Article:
Imprisoned Tunisian opposition leader Ghannouchi starts hunger strike

The 82-year-old opposition leader has been in jail since last April on charges of incitement against Kais Saied’s rule, which he denies.

Rached Ghannouchi
Rached Ghannouchi has gone from exile to Tunisia's parliamentary speaker, and now to prison [File: Hassene Dridi/AP Photo]

Rached Ghannouchi, a prominent opposition leader in Tunisia and the former speaker of the country’s parliament, has begun a three-day hunger strike behind bars, in solidarity with a fellow political prisoner and head of the opposition coalition National Salvation Front, Jaouher Ben Mbarek.

Ghannounchi has been imprisoned since last April on charges of incitement and plotting against state security, which the opposition figure and his supporters say are baseless. He is a fierce critic of President Kais Saied.

The president has been accused by the opposition of increasing authoritarianism and staging a coup when he dissolved parliament and dismissed the government in July 2021, governing by decree since.

The 82-year-old Ghannouchi, who is the head of Tunisia’s self-described “Muslim Democrat” Ennahdha party, was parliament speaker from the 2019 election until Saied sent tanks to shut down the chamber in 2021.

He was sentenced in absentia to one year in prison in May, as he refused to appear before the judiciary, rejecting what he said were fabricated political trials.

A statement by Ennahdha on Friday said Ghannounchi has begun a hunger strike demanding the release of all political prisoners and “ending the injustice against them”.

The statement expressed its solidarity with Ghannounchi and Jaouher Ben Mbarek, the head of the opposition coalition National Salvation Front, who began his own hunger strike four days ago, and held the authorities responsible for “any harm caused to the health and safety of the prisoners on hunger strike”.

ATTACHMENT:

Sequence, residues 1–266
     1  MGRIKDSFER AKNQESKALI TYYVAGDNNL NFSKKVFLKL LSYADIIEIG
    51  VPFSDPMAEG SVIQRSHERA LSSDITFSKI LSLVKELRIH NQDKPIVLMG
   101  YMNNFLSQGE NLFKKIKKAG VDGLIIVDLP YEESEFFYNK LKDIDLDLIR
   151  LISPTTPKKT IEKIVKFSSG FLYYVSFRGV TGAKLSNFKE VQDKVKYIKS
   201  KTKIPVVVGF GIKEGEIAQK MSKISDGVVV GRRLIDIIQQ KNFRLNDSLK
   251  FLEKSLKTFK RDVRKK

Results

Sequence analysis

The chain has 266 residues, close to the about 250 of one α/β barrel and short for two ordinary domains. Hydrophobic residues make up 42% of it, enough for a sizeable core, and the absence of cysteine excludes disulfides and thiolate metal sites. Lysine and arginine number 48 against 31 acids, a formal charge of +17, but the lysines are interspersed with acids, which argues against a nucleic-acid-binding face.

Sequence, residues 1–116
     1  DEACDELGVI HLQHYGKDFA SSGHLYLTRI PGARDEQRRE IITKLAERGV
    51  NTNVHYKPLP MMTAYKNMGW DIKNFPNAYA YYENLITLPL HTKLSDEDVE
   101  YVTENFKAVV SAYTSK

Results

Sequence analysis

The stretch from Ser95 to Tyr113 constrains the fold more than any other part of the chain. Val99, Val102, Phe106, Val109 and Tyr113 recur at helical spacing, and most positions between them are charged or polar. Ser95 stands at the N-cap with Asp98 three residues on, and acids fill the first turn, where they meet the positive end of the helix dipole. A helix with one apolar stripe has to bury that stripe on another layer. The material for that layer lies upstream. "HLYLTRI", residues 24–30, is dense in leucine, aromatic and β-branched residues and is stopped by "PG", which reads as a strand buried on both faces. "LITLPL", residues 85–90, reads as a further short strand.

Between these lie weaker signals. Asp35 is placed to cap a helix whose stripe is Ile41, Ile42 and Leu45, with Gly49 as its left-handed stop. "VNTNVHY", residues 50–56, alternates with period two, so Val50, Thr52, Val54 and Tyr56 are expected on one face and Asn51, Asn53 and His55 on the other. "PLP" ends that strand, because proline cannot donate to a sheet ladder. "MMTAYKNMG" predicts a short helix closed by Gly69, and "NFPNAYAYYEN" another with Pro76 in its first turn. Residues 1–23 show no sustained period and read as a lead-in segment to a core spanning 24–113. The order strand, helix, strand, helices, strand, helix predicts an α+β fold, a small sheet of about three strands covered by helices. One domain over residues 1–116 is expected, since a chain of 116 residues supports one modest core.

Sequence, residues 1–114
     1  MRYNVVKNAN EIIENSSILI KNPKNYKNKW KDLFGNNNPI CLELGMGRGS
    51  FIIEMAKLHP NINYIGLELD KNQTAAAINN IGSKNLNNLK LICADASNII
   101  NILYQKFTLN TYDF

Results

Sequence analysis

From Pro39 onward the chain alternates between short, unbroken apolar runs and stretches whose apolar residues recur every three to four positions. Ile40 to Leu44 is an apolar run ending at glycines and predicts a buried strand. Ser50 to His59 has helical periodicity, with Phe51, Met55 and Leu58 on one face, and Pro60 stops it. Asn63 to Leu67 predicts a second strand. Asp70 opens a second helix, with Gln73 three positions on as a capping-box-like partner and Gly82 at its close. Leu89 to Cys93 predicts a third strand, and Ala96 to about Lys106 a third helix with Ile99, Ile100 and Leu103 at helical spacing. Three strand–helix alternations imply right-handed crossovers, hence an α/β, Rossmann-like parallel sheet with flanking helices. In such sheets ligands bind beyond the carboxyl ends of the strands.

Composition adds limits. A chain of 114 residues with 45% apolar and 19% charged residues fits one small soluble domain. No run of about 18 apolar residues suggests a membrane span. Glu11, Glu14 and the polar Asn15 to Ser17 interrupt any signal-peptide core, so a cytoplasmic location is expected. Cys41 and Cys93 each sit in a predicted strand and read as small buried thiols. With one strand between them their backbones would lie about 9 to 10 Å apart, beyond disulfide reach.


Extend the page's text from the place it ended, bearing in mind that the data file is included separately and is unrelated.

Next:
It also said that most of the political prisoners have been imprisoned by the “coup authorities” without trial or interrogated in “fabricated cases whose only motive is to eliminate political rivals who oppose it”.

Ben Mbarek has spent more than seven months in pre-trial detention, his lawyer Dalila Msaddek said.

His hunger strike is in protest of the “judicial farce led by the investigative judge at the antiterrorism division”, Msaddek said in a Facebook post.

Police have arrested more than 20 political figures this year, including Ghannouchi, accusing some of plotting against state security. Among the arrested are lawyers, businessmen, and the head of a popular radio station known for giving a platform to criticism of the president.

Ghannouchi’s lawyer said the charges against him stem from a funeral eulogy he gave last year for a member of his Ennahdha party when he said the deceased “did not fear a ruler or tyrant [and] only feared God”.

‘Free Ghannouchi’ an online campaign calling for the release of the opposition leader, also released a statement on Friday holding Saied “fully responsible for the consequences of the strike on the health of… Ghannouchi”.

“Going on hunger strike for the sake of freedom and dignity for all political prisoners is not a novelty for Rached Ghannouchi, who has spent more than four decades struggling for freedom, justice and other noble human values,” the statement added.

Ghannouchi’s career as a leading politician was also referenced by Monica Marks, a professor of Middle East Politics at NYU Abu Dhabi, and a leading expert on Tunisia.

“Scholars are hard-pressed to name an Arab thinker who has argued more passionately for Islam’s compatibility [with] democracy than Rached Ghannouchi,” Marks wrote on social media.

Saied, who enshrined his new powers in a constitution that passed through a controversial referendum with low turnout last year, has denied his actions were a coup and said they were needed to save Tunisia from years of chaos.

He has called his critics criminals, traitors and “terrorists” and warned that any judge who freed them would be considered abetting them.

Prior to the 2011 uprising that removed former longtime leader Zine El Abidine Ben Ali from power, Ghannouchi spent more than 20 years in exile in the British capital London.

He returned to Tunisia in January 2011 to a triumphant welcome, and in October of that year, Ennhadha won 37 percent of the vote in the parliamentary elections – the largest party win.

The party repeatedly performed strongly in elections until Saied’s 2021 power-grab, and has since boycotted elections, along with the majority of the country’s opposition.

Source: Al Jazeera and news agencies